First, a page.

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From "Nitay Joffe (JIRA)" <>
Subject [jira] [Commented] (GIRAPH-494) Edge should be an interface
Date Thu, 31 Jan 2013 20:07:14 GMT


Nitay Joffe commented on GIRAPH-494:

1) Agreed it's memory only, but it's actually closer to 8GB. We're on a 64-bit machine, pointers
at 8 bytes each. I don't think you could get a 32-bit JVM to load 1B+ edges. I have about
1.2B edges per worker so let's call it 10GB total. To me that does not seem like peanuts in
terms of active memory used.
2) I would argue that having Edge / MutableEdge as interfaces is the right way to go in terms
of object oriented design. This change does not make it impossible to change them we just
have to expose MutableEdge where changes are desired. If the algorithm knows it is using MutableEdge
then it stores those and can use them as such. We already have gotchas in the codebase like
RepresentativeVertex where the user needs to know that they shouldn't change Vertex/Edge objects
retrieved. If anything I think having clear cut interfaces like this does exactly the opposite
- it makes it explicitly clear what the API is and allows us to control it, rather than exposing
big Java objects with lots of public methods. 
> Edge should be an interface
> ---------------------------
>                 Key: GIRAPH-494
>                 URL:
>             Project: Giraph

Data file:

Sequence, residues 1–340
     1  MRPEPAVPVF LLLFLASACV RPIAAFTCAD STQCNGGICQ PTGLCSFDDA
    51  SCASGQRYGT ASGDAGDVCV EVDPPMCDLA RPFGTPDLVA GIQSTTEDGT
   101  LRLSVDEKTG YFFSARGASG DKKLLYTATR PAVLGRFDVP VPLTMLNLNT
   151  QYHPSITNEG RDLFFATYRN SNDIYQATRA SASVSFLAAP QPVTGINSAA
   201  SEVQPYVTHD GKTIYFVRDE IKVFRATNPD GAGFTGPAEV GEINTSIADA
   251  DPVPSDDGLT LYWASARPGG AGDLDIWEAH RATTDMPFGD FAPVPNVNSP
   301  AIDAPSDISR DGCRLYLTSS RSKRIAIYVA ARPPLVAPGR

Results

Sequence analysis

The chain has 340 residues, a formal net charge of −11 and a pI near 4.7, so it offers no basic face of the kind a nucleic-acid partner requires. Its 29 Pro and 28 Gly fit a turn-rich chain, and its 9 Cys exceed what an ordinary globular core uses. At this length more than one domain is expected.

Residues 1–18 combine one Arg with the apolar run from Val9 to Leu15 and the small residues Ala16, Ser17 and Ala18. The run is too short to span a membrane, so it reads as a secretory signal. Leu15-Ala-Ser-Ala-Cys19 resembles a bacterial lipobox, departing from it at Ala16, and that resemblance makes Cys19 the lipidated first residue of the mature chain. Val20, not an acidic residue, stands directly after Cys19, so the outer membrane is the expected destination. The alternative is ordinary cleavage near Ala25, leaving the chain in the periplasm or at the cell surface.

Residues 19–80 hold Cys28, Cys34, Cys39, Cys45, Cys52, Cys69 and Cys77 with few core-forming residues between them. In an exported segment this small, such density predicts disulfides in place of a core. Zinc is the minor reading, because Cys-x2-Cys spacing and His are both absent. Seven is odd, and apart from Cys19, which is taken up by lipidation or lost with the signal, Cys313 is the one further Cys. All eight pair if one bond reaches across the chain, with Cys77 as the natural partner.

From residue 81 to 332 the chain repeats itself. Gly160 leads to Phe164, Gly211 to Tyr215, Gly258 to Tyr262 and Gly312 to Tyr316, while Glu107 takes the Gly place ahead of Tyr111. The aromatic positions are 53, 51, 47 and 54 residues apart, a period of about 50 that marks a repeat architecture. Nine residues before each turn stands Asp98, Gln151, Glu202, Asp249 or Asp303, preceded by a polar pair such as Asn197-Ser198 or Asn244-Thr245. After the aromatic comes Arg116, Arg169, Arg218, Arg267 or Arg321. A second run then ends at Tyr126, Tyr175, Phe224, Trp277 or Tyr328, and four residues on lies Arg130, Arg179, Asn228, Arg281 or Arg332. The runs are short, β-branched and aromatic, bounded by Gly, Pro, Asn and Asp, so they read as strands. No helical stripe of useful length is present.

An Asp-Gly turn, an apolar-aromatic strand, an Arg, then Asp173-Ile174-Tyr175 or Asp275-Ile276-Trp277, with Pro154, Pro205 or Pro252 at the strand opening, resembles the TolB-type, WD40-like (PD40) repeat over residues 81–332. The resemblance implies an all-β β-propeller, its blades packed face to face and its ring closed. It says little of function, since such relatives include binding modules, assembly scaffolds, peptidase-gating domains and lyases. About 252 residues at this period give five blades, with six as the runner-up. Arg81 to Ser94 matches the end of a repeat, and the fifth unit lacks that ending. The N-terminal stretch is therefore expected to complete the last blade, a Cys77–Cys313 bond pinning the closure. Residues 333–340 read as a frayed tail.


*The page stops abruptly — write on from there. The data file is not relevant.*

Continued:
>          Issue Type: Bug
>            Reporter: Nitay Joffe
>            Assignee: Nitay Joffe
>         Attachments: GIRAPH-494.patch
> In terms of architecture and for flexibility I think our Edge class should be an interface
instead of a real class. In this diff I change it to an interface and add a sub interface
called MutableEdge. The existing Edge class is now called DefaultEdge. Note that only one
class in our codebase actually needs a MutableEdge - RepresentativeVertex. Everything else
works perfectly fine using the immutable Edge interface.
> One nice thing this allowed me to do is to create a EdgeNoValue which we can use for
algorithms whose edges have no value at all. Currently the same functionality is achieved
by using NullWritable, however using EdgeNoValue means not storing a reference to the single
NullWritable instance in every single edge. Working on a job that reads 1B+ edges per worker,
a pointer per edge adds up.

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